Nashville's public safety agencies sacrifice personnel requests to stick to lean budget

The purse strings are going to be tight for Metro this coming fiscal year.

Nashville Mayor Freddie O'Connell's proposed $3.27 billion budget is leaner compared to years past as anticipated revenue growth slows throughout the state. He's asking departments to cut 1.4% to fund compensation increases for Metro employees while any extra money will go toward other priorities.

That means Nashville's public safety departments, like all other Metro agencies, will feel the strain. They'll have to sacrifice expansions of programs, personnel and defer technology requests to a later time.

"We don’t have a lot of fat, in fact we don’t have any fat in our department," Nashville Fire Chief William Swann said Wednesday during a budget hearing.

More: Nashville's proposed budget has city 'tightening our belt' for 2025. Here's what to know

Between the Nshville Fire and Police departments and the Davidson County Sheriff's Office, they're asking for 214 full-time employees. The Mayor's current proposed budget only grants the Sheriff's Office one new employee, who is transferring from another department.

Metro Nashville Police Department

The Metro Nashville Police Department requested 15 modifications to their proposed $317 million budget that would add an additional $24 million. Three of those line items were partially funded by the Mayor's proposed budget, and one — for the secondary employment unit which works hired security gigs — was fully funded.

The secondary employment unit is revenue neutral, Executive Administrator Samir Mehic said during the budget hearing Wednesday. While it costs $2.2 million up front, that money will be paid back to the department by the companies contracting to hire the officers.

The department asked for $451,400 for technology, $1.9 million for rent on a building for the Office of Professional Accountability and supplies, as well as $2.8 million for training and recruitment. The Mayor's proposed budget includes only $1.5 million total for those three requests.

Line items not included in the Mayor's budget proposal include:

The rapid response team, created in the wake of the Covenant School shooting last year to provide quick back-up for incidents at Nashville's schools, will have to be folded back into normal operations without the funding, Chief John Drake said Wednesday.

Aside from the rapid response team, without the funding they requested, response times will suffer, the chief said. The alternative police response unit takes reports by phone for certain low-level crimes, saving an officer on the road from responding. It employs 39 part-time, retired officers saving the department the cost of 18 full-time officers.

"If we had to collapse that, the part-time employees, we would no longer have them," the chief said.

Nashville Fire Department

The Nashville Fire Department requested 27 modifications to their $207 million budget for an additional $30 million. An adjustment of $372,000 for annual EMS in-service training, subsidized by the state, was included in the Mayor's proposed budget.

The majority of the department's requests are for personnel to create a staffing office, new medic units, a new fire truck company in South Nashville, squad truck response units, a special operation response team and other miscellaneous positions for a total of $18.3 million.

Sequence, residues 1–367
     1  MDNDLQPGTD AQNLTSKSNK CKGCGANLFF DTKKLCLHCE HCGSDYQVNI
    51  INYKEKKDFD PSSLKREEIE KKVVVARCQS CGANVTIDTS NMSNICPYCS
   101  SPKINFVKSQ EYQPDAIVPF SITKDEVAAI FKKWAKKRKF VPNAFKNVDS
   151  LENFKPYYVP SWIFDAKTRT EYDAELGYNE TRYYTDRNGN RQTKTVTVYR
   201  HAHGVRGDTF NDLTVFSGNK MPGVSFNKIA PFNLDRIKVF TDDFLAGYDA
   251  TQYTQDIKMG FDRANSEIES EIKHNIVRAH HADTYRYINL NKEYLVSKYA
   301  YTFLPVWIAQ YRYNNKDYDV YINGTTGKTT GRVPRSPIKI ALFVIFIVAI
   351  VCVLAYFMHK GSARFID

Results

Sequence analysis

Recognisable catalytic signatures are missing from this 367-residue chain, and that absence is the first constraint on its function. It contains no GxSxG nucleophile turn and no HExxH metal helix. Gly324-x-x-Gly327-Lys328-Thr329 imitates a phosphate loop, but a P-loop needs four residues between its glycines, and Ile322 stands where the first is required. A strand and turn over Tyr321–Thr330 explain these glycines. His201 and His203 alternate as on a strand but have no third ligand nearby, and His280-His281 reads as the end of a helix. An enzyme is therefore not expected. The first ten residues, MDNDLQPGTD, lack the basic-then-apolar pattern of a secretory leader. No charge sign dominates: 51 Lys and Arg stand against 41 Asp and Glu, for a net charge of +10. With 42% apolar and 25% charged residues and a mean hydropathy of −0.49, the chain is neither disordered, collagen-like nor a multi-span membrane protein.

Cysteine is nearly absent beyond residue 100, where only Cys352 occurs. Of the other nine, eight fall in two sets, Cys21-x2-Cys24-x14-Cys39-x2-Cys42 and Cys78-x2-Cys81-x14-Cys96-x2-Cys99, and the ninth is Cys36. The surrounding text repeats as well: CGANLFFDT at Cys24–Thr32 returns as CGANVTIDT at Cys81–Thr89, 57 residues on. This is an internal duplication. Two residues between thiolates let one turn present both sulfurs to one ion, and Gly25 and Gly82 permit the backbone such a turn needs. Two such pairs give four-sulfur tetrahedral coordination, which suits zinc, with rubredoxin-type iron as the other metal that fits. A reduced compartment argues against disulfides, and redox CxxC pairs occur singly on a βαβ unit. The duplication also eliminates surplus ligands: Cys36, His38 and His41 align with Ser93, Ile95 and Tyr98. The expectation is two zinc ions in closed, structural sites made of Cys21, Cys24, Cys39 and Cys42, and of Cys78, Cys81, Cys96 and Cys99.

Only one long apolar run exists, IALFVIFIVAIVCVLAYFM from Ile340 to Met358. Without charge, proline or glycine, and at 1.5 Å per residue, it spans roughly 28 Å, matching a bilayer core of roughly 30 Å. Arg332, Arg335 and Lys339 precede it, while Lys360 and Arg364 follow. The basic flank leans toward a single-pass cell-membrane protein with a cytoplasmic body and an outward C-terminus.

That personnel request also includes an expansion of the EMS REACH Program, which puts mental health clinicians in Nashville Fire Department ambulances.

"We are able to run REACH from Tuesday through Friday from 10 a.m. to 8 p.m. - two vehicles, two medics and two clinicians that run with us," Chief William Swann said Wednesday. "We want to expand the program to cover Saturday and Sunday, and instead of cutting it off at 8 p.m., we wanted to run it more into midnight."

The department's budget modification requests also include $100,000 for a fee study on ambulance rates. The last one was done in 2015, Swann said.

"Unfortunately the cost of doing business is very expensive," Swann said. "Medical supplies, post COVID, everything from purchasing medical supplies, to any type of materials we purchase, vehicles, everything has just been through the roof."

Davidson County Sheriff's Office

The Davidson County Sheriff's Office requested eight modifications to the proposed $116 million budget for an additonal $11.9 million. The Mayor's proposed budget included $10 million for most of those changes.

The largest line item is an adjustment of $9 million for increases in staffing and inmate care over the last year. The Mayor's budget currently allocated $8.5 million.

"We’re not necessarily asking for new monies. We’re asking for a significant hole to be patched," Sheriff Daron Hall said Wednesday.

Hall detailed how the jail population increased 23% last year, and 60% over the course of the pandemic. Without more correctional officers, they've resorted to overtime to fill those holes, driving up costs.

"We may be the only Sheriff's Office that COVID wasn’t our biggest challenge in 2020," he said. "We were asked to take over a private prison's population. It was complicated, difficult and we're all still feeling the effects of that budgetarily."

To add to that, Hall said recently convicted inmates are moving to state-run prisons at a slower rate. While the Sheriff's Office does get reimbursed to hold those inmates, dispersing of those funds can take up to two years.

The budget also includes money to account for the transfer of one Elections Commission employee to the Sheriff's Office to enhance access to voting rights services for inmates.

This article originally appeared on Nashville Tennessean: Nashville mayor's proposed city budget brings cuts to departments